Demand for finance from small business flat at best

Big drops in demand for peer-to-peer lending and equity investments in 2019, although figures still coming in

Demand for finance from Britain’s 5.9m small businesses was flat at best in 2019 with big falls in peer-to-peer lending and equity investments.

The amount of peer-to-peer and other marketplace lending to SMEs fell from £2.37bn in 2018 to £1.9bn in the first nine months of 2019.

And equity investments were also down from 2018’s figure of £6.7bn invested to £5.5bn by September last year, according to the British Business Bank.

According to the latest 2020 Small Business Finance Markets report, equity deal volumes were well down with 1,241 deals closed in 2019 compared with 1,602 the year before.

Bank lending to SMEs was also down by nearly 2 per cent year on year at £57bnbn lent in 2019 (£58bn in 2018).

However, Britain’s state business bank points out that the final picture will be rosier as the figures only cover the first three quarters of 2019. Many deals are only reported months after they closed.

Alice Hu Wagner, a senior executive at British Business Bank, said: “Equity in particular is pretty lumpy in terms of deals over any given year, so it can pick up the fourth quarter. That said, Q4 2019 was exceptional because of the election.”

Volumes of main SME external finance products (£bn)
Type201420152016201720182019
Bank lending stock167164166165166168
Bank lending flows53.457.959.257.357.756.7
Private external equity investments2.94.23.96.46.75.5 (Sep)
No of reported private equity deals140615621524171016021241 (Sep)
Asset finance flows14.716.3171919.420.1
Marketplace lending business lending flows0.50.91.391.992.371.9 (Sep)
Source: British Business Bank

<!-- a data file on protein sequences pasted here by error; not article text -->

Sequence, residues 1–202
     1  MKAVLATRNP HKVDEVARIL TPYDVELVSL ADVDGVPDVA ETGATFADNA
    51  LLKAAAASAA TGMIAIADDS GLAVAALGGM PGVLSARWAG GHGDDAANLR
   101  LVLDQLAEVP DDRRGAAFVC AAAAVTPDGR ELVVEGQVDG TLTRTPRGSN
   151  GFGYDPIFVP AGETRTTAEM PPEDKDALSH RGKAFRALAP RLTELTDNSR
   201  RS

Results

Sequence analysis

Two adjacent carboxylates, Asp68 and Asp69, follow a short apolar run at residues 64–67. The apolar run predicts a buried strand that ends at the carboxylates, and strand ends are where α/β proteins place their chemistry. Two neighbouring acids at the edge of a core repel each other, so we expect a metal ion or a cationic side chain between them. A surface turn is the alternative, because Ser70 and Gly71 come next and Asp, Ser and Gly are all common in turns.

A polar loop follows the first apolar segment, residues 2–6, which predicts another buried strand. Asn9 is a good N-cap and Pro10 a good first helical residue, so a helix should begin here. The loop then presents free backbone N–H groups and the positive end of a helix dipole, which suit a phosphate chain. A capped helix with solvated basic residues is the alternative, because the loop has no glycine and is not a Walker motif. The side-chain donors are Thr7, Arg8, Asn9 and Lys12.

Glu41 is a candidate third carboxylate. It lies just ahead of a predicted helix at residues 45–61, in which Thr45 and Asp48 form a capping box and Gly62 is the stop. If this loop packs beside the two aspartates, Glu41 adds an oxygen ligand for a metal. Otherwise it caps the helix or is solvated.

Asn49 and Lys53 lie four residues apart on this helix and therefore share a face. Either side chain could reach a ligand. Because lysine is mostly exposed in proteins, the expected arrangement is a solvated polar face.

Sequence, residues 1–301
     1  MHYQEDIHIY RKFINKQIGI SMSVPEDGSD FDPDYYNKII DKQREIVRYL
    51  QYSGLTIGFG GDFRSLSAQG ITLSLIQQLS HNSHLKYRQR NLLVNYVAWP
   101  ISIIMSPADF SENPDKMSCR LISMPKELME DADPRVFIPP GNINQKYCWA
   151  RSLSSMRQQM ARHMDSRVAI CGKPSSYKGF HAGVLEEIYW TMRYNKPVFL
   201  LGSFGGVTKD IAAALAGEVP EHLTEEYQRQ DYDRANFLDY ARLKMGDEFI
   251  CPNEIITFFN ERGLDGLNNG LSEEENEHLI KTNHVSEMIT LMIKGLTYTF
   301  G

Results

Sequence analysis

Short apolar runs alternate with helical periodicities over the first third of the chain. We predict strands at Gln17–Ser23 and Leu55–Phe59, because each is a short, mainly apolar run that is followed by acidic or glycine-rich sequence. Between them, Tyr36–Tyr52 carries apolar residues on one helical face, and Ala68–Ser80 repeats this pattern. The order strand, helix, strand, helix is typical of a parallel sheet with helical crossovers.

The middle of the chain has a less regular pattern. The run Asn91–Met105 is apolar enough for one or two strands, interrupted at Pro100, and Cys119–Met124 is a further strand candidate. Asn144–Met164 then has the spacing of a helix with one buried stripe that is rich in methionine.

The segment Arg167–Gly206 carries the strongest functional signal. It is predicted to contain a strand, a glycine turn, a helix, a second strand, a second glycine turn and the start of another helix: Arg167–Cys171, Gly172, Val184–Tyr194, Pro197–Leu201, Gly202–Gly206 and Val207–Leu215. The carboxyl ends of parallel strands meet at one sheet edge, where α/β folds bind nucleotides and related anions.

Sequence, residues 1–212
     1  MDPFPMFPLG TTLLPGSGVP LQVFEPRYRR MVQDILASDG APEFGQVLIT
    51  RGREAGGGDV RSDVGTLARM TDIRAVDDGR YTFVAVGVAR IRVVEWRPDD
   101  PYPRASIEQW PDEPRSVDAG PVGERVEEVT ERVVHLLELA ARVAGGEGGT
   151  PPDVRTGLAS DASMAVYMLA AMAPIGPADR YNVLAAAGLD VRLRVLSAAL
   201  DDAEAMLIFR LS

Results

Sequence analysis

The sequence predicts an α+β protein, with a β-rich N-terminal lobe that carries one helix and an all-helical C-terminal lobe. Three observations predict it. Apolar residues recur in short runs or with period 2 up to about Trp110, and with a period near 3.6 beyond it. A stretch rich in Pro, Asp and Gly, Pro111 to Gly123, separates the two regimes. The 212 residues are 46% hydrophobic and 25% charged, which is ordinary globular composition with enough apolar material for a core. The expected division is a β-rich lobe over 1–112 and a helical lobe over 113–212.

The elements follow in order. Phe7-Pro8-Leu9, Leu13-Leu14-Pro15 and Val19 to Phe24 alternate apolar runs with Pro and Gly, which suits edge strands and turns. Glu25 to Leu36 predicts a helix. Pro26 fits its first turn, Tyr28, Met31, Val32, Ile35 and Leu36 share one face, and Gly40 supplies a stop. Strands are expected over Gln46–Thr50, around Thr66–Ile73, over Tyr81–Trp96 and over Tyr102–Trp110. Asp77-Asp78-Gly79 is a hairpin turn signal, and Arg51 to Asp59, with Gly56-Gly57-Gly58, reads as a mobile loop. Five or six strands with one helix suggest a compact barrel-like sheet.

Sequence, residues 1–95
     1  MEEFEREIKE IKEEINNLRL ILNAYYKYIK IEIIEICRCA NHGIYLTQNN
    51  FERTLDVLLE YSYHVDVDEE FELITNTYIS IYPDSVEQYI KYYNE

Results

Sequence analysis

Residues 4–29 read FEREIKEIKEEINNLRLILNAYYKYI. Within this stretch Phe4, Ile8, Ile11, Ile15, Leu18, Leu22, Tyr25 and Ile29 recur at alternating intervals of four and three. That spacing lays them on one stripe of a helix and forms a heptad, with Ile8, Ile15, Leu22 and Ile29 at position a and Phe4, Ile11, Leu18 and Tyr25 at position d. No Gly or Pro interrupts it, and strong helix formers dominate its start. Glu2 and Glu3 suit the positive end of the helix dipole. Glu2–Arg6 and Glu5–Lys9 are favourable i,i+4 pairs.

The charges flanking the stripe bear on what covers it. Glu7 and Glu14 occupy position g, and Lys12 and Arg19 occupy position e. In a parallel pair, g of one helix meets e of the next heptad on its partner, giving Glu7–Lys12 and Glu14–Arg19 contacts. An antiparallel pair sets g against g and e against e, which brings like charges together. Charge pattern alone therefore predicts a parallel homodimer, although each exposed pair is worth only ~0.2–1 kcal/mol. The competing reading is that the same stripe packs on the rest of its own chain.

Matt Adey, director of economics at British Business Bank, adds that business confidence was very low in 2019 but since the election, surveys suggest it is ticking up.

“That will translate into investment plans,” Adey said. “There’s the prospect of things improving but that will take time to come through.”

Small business averse to finance

The question remains however as to why Britain’s small business owners are so averse to taking in external finance, especially when the UK leads the world in alternative finance for small business.

Last year, nearly three quarters (73 per cent) of small businesses said they would accept slower growth rather than take on external finance. Despite the boom in alternative funding and campaigns to educate small business owners, the figure has remained stubbornly flat (70 per cent in 2016).

Hu Wagner said: “About half of all business owners want to stay as from external finance as possible. They don’t have any finance, they never want to think about finance, they don’t want any finance at all.

“Finance can be a little bit intimidating. Business owners are busy running their business and they don’t really care about finance. Everybody knows about overdrafts and business bank accounts, after that they have to go into a deep dive into alternative finance, which can be scary.”

>See also: British Business Bank increases small business support by over a quarter in the past year

Another issue is that business owners are still wary of banks after the financial crisis.

However, according to Adey, the percentage of SMEs which will consider applying for equity in the future is now up to 15 per cent, which is much higher than it used to be.

Meanwhile, more than half of smaller businesses (56 per cent) surveyed expected the UK’s exit from the EU to have no impact on their growth. This is because, explained Hu Wagner, most SMEs neither import nor export.

Further reading

What is the British Business Bank? – a Growth Business guide

 

 

 

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